Motorola seems to have got the strategy right. Unlike other smartphone makers which are flooding the market with their phones, Motorola is sticking to its practice of keeping the smartphone portfolio limited. But that is not preventing the company from making timely upgrades across different price categories. In other words, the company may not be coming up with all-new products, but it has been consistently bringing the successors to its phones with right enhancements and at the right time.
In line with its ritual of introducing successors, the company recently launched the Moto G4 - the sequel to the third generation Moto G smartphone - in India. We have already shared with you our first impressions of the phone, but does the phone make it to our recommendation list?
(The new Moto G comes in two variants - the G4 and the G4 Plus. The G4 is a base model and is yet to make its way to the Indian market. The G4 Plus, on the other hand, looks exactly like the G4, but comes with some extra features. So most of the things being talked about here about the G4 Plus apply to the G4 as well - as and when it comes.)
One thing that makes the Moto G4 Plus different from its predecessors (as well as the Moto G4) is the fingerprint sensor at the front. In other words, the Moto G4 Plus is the first Moto G phone to come with a fingerprint sensor. The sensor, as expected, proved to be effective - both in terms of speed and accuracy. Also, it was not erratic, and not even once I found myself struggling with the phone.
Moving to the look and feel of the phone, the G4 Plus has a design language similar to the last-gen models. While the design elements may appear to be borrowed from the predecessor, the changes are pretty noticeable. The panel at the back is completely different from how the Moto G (3rd generation) model looks. It looks neat and elegant.
While the phone comes in two colours - black and white, I personally found the white one more appealing to eyes. It’s just a matter of personal choice.
Hiding under the plastic back panel are two slots for SIM cards and one for microSD card. Given that many companies are going with a hybrid SIM slot, it’s good to see that Motorola has managed to keep all the three slots in place. The battery, however, is not removable.
Compared to the last-gen Moto G, the company has increased the size of the phone by 0.5 inches. But the increased size neither makes it uncomfortable to hold nor adds to its weight. Despite that the phone measures 5.5-inches in size, it is comfortable to hold and operate. The rounded corners of the phone further add to the ergonomics.
Unlike the 720p display on the last-gen Moto G, the new Moto G4 Plus has a screen resolution of 1920 × 1080 pixels. The display on the G4 Plus offers good viewing angles and produces excellent colours and has a great contrast ratio. Also, it was pretty comfortable reading on the phone under sunlight.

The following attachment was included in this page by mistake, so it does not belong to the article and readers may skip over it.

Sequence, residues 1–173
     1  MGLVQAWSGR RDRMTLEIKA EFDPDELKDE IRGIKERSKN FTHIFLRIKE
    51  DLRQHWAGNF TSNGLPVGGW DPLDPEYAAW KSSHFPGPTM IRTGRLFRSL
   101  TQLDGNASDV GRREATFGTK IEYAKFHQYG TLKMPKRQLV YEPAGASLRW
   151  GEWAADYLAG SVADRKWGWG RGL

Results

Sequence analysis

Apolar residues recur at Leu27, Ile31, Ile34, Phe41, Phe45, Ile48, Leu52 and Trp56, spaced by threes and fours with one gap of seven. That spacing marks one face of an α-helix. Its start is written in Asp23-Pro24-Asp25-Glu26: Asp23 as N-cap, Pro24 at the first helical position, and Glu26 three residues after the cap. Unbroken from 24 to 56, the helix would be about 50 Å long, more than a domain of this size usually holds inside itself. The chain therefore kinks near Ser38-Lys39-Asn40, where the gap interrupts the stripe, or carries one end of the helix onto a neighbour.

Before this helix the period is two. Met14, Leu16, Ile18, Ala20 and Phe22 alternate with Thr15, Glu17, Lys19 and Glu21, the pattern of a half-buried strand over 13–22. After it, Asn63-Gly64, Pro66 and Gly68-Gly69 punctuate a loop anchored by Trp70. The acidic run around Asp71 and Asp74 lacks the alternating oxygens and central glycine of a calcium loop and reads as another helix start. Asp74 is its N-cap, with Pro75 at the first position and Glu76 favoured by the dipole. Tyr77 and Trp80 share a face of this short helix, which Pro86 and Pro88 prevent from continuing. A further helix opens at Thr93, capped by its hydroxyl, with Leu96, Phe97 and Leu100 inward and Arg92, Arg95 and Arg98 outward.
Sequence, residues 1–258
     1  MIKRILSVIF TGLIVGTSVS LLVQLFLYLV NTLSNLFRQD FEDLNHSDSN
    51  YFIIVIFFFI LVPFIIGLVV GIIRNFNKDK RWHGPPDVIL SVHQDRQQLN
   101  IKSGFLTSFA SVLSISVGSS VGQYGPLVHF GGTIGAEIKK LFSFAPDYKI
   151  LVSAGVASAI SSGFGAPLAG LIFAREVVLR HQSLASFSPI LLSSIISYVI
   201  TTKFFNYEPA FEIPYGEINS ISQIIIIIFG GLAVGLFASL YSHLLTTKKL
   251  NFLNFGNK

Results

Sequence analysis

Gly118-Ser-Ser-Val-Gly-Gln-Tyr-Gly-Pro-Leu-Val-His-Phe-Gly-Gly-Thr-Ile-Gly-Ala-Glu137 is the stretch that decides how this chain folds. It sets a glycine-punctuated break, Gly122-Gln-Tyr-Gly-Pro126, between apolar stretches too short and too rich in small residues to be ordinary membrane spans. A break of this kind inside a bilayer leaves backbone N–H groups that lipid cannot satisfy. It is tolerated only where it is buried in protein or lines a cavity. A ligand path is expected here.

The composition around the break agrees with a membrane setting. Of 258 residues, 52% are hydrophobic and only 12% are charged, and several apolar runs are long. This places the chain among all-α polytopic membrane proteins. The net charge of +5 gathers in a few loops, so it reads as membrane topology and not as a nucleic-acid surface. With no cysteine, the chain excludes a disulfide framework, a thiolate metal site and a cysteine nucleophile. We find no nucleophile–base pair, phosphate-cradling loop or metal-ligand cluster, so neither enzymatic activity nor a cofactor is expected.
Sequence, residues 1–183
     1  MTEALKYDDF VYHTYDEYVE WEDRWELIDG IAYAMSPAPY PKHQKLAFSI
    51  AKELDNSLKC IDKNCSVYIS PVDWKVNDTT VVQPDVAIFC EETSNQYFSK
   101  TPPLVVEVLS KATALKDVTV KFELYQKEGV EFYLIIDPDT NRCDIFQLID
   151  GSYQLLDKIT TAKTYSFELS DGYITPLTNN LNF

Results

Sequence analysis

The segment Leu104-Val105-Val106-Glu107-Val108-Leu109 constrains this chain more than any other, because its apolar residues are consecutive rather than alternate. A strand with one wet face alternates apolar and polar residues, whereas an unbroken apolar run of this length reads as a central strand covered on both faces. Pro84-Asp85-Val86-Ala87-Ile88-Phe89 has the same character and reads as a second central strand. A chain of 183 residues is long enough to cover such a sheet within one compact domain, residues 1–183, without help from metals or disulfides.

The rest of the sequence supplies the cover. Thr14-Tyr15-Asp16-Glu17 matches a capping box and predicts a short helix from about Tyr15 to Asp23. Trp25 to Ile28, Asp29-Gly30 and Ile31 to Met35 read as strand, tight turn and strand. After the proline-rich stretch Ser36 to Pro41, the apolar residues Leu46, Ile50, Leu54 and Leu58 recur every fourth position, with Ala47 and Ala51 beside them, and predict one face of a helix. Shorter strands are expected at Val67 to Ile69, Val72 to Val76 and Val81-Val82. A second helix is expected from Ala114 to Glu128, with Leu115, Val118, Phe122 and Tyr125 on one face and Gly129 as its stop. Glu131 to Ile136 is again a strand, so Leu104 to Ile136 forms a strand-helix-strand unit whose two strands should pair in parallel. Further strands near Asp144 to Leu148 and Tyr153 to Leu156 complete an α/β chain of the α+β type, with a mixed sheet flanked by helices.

Coming to the cameras, both the 16 megapixel rear camera and the 5 megapixel front camera capture good amount of light and offer good results. Not only the images turn out to be bright, they also have fairly good details. Both the rear and front camera let you shoot videos in 1080p. The only downside is that there are not too many options to customise results - something that Motorola has never been fond of bundling in its camera apps.
Here are a couple of images taken with the Moto G4 Plus rear camera.
(We have not applied any effects or photo filters on them, to reproduce them as close as possible to their original quality. The photos have only been cropped to fit the page width.)
But the interesting bit here is that the company has really been working on improving its cameras. I was never fond of cameras on the Moto phones until the Moto X Play came out. As I mentioned in my first impressions review as well, the X Play was the first Moto phone ever since Motorola’s re-entry into India that left me impressed with its cameras.
What I think that Motorola should have included in the Moto G4 Plus is the waterproof feature that it had introduced with the Moto G (3rd gen). The predecessor had been designed to withstand immersion in up to 3 feet of water for up to 30 minutes, provided the back cover was properly sealed. But the Moto G4 Plus lacks that.
At the heart of the phone is Qualcomm’s Snapdragon 617 chipset coupled with 3 GB of RAM (in the 32 GB model) and 2 GB of RAM (in the 16 GB model). Throughout the review period, I didn’t find the phone to be lagging or having sudden app crashes. It performed pretty smooth and was able to easily handle multitasking.
Motorola is one of the few companies that keeps the Android experience close to native on its phones. The Moto G4 Plus runs Android 6.0.1 Marshmallow and is devoid of bloatware. While the phone comes with the company’s proprietary apps installed, they are very few and don’t count as bloatware.
The speaker on the phone is not only loud but also generates great audio results. Packed with a 3000 mAh battery, the Moto G4 Plus easily lasted for over a day. It also supports fast charging, and therefore, it was pretty easy to have juice in the phone in a matter of few minutes, especially when I had very little time at hand.
Priced at Rs 13,499 for 16 GB and Rs 14,999 for 32 GB, the Moto G4 Plus is a great contender in the under Rs 15K category. The phone makes to our recommendation list and has the potential to compete against the likes of the Redmi Note 3 and Lenovo ZUK Z1.